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Analysis Of Much Madness Is Divinest Sense By Emily Dickinson

984 words - 4 pages

In 'Much Madness is divinest Sense' (435), a definition poem, Emily Dickinson criticizes society's inability to accept rebellion, arguing that the majority is the side that should in fact be considered 'mad.' The perception of madness and insanity are a common theme among Dickinson's poetry, as she fought against society's tainted view of herself as crazy. She focuses on how judgmental society is on non conformist views when she describes the majority as 'discerning' (line 2). As similar to most of her poetry, she writes in iambic meter and uses slant rhyme, as lines one, three, and seven end with 'Sense', 'Madness', 'dangerous', and lines six and eight, in 'sane' and 'Chain' in seemingly rhyme scheme. Dickinson credits the majority with prevailing, however, anyone who disagrees is considered a threat to society and sentenced to punishment.

MacDonald agues that 'Much Madness in divinest Sense,' (435) features one of Dickinson?s more disturbing themes, using ?dark imagery of confinement and fear? (1) to draw the reader into the subject of madness. A division between society?s view of acceptable and appropriate is made between that which is considered against the norm, or mad. Tying into a current issue at the time MacDonald suggests among contemporary writers of the time, Dickinson?s poetry is in response to the Civil War, as it questions ?the purity of the nation,? (1) challenging readers to understand the sanity of the war itself. However, this critique does not limit Dickinson?s poem in response to the Civil War, as ?madness? can suggest more than simply the immorality of slavery in the late 1880s. This ?madness? is also compared with the normalcy during the 1800s that ?women should marry and lead lives for the benefit and entertainment of men? (1), a time in which she yet again conflicts with society?s view of normal. Although she was not literally insane, she was judged as so from society because she chose to bar herself socially for much of her adult life. Throughout the poem Dickinson exhibits anger both ambiguously, ?Much Madness is divinest Sense? (line 1) and blatantly, ?Demur?you?re straightway dangerous? (line 7), with a conflict of madness between the parties. The final line of the poem, ?And handled with a Chain?(line 8), is a direct reference to a psychiatric treatment performed late in the century, of a literal restraining of chaining patients who were considered mad and harmful to society.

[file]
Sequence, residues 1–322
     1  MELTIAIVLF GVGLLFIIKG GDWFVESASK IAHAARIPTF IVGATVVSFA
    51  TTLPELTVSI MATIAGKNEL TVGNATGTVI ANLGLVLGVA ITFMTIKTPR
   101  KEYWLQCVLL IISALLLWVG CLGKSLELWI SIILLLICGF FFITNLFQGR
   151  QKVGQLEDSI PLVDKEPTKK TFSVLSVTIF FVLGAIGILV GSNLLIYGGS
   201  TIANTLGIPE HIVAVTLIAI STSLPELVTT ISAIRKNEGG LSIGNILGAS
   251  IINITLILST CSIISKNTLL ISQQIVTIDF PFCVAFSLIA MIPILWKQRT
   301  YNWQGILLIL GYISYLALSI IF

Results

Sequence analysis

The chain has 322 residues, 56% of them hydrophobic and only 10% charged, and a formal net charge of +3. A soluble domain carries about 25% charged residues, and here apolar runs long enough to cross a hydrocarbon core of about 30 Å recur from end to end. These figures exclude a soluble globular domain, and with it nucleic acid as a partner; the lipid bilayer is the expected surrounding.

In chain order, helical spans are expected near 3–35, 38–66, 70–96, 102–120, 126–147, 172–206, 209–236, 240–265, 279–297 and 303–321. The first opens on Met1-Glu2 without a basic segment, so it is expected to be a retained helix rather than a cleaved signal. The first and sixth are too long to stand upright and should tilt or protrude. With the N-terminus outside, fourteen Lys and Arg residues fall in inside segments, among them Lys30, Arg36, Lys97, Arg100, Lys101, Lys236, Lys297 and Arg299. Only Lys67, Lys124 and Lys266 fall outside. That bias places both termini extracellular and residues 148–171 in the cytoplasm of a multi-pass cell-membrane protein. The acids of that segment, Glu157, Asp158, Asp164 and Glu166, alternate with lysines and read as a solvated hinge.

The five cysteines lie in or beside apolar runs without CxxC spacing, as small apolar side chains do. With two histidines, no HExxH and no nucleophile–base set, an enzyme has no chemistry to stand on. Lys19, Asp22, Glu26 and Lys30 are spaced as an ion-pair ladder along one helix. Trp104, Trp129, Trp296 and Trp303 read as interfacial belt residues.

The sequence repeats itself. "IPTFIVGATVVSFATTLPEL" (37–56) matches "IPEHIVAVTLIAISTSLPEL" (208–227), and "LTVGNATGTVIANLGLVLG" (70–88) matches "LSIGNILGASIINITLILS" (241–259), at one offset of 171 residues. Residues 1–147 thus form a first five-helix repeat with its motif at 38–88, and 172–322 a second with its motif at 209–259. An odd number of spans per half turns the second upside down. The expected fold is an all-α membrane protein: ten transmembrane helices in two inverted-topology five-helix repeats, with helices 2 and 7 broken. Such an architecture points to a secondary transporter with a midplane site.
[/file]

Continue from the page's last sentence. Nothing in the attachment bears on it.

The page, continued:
Kattelman believed Emily Dickinson was an expert at combining clever word choices with concepts and images into a few short but very powerful lines of poetry (1). On the surface ?Much Madness is divinest Sense? communicates both irony and defiance as the speaker denies the idea of common sense while reaching for a greater truth. We initially learn and recognize the difference between sane and insane as recognized by the society at large. As we read deeper, we begin to understand her...

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